On Beaches and Canyons, Black Dice’s transcendent noise opus from 2002, the band created a fascinating pile of sound from jagged fragments of delayed guitar, windswept drones, textured white noise, swarms of effected vocal loops, and thundering percussion. After his departure from Black Dice a couple of years later, their former drummer, Hisham Bharoocha, emerges with his own opus, recorded under the name Soft Circle. Full Bloom is a shimmering landscape of haunting mystical drones, guitar strums, echoey wordless vocal melodies, tastefully virtuosic drumming, and spacy electronic sounds. While his work with Soft Circle is not as noisy or dense as that of his previous outfit, it does seem like a logical evolution from his work there, moving toward both a more singular vision and a more focused sound.
Solo musicians are often particularly limited in resources and abilities, especially in a real-time, performance-oriented sort of way. Here, Bharoocha sidesteps that trap by wearing many hats, playing guitar, drumming, singing, and manipulating various electronics at the same time. In fact, most of the tracks were recorded with Hisham playing multiple parts live simultaneously, with some overdubs added after the initial recordings were made. Very basic looping is used occasionally, but there is no drum programming or pre-recorded sequencing involved. As such, there’s a feeling of spontaneity in much of the album, and the pieces themselves seem somewhat loose in form, allowing him to use a number of variations within a basic framework to subtly alter the overall structure or dynamic. The pieces expand slowly as he introduces elements from his bag of tricks, layering occasional patches of percussive and textural electronic sounds on top of his basic guitar explorations, rumbling drumbeats and simple vocal lines. This combination of sounds and ideas works well here, coming together in a way that doesn’t feel forced or out of place.
There’s a sense of spirituality present in Bharoocha’s creations that makes the music vibrate with a tangible positivism and warmth. Some of the track titles hint at certain qualities of the musical content with names like “Shimmer” and “Whirl,” while others such as “Stones and Trees,” “Moon Oar Sunrise,” and “Ascend” evoke natural environments or suggest a connection with spirituality and the cosmos. The music reflects these themes as well, sounding like an extended meditation session, albeit one with bursts of energetic rhythms and psychedelic overtones. The artwork (also by Bharoocha) adds another layer to the overall effect. From the simple photo of flowers blossoming that serves as the background for his lengthy list of “thank-you’s” to his washed-out and color-streaked portraits with added graffiti-meets-hieroglyphs swirls, his artistic contributions frame the record with a visual style that fits the music, falling somewhere between simple natural beauty and transcendent bliss.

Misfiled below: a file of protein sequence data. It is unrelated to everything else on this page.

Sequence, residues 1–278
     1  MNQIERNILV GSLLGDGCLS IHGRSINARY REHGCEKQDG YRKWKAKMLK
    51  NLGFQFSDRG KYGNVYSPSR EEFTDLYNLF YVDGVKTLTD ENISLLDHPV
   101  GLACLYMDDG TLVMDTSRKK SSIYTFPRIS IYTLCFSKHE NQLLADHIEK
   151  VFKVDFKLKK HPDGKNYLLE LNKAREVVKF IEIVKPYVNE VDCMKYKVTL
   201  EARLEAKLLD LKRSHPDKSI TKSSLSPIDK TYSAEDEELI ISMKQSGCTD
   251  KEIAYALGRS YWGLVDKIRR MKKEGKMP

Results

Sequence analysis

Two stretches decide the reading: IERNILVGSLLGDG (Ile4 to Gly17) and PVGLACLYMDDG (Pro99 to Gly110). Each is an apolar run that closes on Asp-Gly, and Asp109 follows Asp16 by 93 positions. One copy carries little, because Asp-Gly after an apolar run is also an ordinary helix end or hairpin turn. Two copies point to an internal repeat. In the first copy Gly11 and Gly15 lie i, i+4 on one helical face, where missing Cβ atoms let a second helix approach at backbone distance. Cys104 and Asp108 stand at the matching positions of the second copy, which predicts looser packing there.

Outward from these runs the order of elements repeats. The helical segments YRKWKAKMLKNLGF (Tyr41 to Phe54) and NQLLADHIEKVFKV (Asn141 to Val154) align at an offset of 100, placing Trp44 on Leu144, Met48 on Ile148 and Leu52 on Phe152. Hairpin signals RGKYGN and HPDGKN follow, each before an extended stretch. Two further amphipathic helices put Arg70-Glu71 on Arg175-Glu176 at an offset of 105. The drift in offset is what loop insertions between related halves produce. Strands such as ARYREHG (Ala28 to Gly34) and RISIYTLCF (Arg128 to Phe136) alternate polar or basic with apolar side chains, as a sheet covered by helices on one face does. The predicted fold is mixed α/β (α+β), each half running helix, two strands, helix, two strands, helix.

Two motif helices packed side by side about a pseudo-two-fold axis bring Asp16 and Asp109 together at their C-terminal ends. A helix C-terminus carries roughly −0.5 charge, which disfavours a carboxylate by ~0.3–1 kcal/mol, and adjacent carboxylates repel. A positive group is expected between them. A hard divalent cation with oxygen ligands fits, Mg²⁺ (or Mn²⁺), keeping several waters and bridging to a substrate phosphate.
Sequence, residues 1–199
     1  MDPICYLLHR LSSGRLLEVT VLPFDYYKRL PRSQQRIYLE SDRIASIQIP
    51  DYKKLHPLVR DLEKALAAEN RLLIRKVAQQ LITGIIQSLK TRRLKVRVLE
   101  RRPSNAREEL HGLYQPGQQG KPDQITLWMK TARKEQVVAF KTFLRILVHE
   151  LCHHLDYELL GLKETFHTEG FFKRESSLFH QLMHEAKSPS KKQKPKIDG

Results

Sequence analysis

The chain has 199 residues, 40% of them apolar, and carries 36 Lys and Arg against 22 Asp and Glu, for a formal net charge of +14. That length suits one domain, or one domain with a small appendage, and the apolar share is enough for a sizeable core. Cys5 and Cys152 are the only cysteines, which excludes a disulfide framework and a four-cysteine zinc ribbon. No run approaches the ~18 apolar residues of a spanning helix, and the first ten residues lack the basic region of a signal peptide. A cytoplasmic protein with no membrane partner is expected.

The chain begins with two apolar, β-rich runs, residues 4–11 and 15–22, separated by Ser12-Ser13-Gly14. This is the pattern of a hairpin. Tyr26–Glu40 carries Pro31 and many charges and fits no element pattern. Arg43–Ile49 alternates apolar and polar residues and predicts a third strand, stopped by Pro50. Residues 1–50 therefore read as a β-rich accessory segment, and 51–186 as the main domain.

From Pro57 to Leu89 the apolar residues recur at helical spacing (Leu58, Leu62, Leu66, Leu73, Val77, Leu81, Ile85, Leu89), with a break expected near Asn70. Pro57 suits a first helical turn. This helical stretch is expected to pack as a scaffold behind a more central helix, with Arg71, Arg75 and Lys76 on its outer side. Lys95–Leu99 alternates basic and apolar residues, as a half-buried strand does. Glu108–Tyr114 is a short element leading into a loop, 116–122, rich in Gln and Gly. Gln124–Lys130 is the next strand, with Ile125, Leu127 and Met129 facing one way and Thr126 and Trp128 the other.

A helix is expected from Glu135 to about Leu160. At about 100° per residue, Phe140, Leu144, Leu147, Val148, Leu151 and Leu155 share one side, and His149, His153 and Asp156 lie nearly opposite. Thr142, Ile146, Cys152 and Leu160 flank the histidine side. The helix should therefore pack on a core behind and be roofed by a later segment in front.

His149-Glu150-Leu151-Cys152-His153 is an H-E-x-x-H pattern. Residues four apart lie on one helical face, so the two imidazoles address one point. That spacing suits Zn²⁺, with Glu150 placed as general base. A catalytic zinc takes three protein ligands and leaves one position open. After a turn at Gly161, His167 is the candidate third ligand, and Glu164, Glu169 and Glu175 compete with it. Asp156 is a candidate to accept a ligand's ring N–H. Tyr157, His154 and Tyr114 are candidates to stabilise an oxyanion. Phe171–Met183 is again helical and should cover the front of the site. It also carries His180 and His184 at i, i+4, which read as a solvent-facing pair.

The album begins with a drone generated by an electronic tamboura, quickly followed by meditative vocals, flutters of hand percussion, and cymbal swells. A cyclical drumbeat kicks in, and the voice begins to sound like Tuvan throat singing minus the high overtones. It’s a short journey though, ending at around the 3-minute mark, giving the feeling that it ends before it really gets started. The rest of the album’s seven tracks are a bit longer, averaging around 6 or 7 minutes apiece. Not surprisingly, a couple of the longer tracks are the one that really shine on Full Bloom. The ambient intro of “Sundazed” leads into a polyrhythmic exploration featuring drums and keyboards, with an oddly syncopated beat giving the piece a bit of an unusual, almost-lopsided feel, while the repetitious keyboard phrase brings to mind the minimalist element in some of Steve Reich’s percussive works. “Shimmer” is a dubby stomp that evolves subtly throughout, bringing various sounds in and out of the mix and affecting them with differing degrees of rhythmically syncopated delay.
There is a general increase in dynamics throughout, culminating in the final two tracks. On “Whirl,” Bharoocha unleashes his most dynamic drumming of the record, generating powerful and complex rhythms while swirls of backwards guitar and slightly ominous vocals float in and out of the picture. The final track is a robotic stomp entitled “Earthed,” which sounds much more like a spacecraft flying through outer space at hyperspeed than any earthbound adventure one could imagine. Echoes of 23 Skidoo’s Seven Songs and This Heat’s Repeat are present in the successful synthesis of organic and synthetic percussion and psychedelic sci-fi sounds, and the track should also make folks move on any dancefloor. It’s a climactic close to an album that feels at times both very personal and also otherworldly, an album of contrasts between tension and calm, noise and melody, rhythm and space. Full Bloom navigates these realms with ease, creating a work that is difficult to classify but easy to enjoy.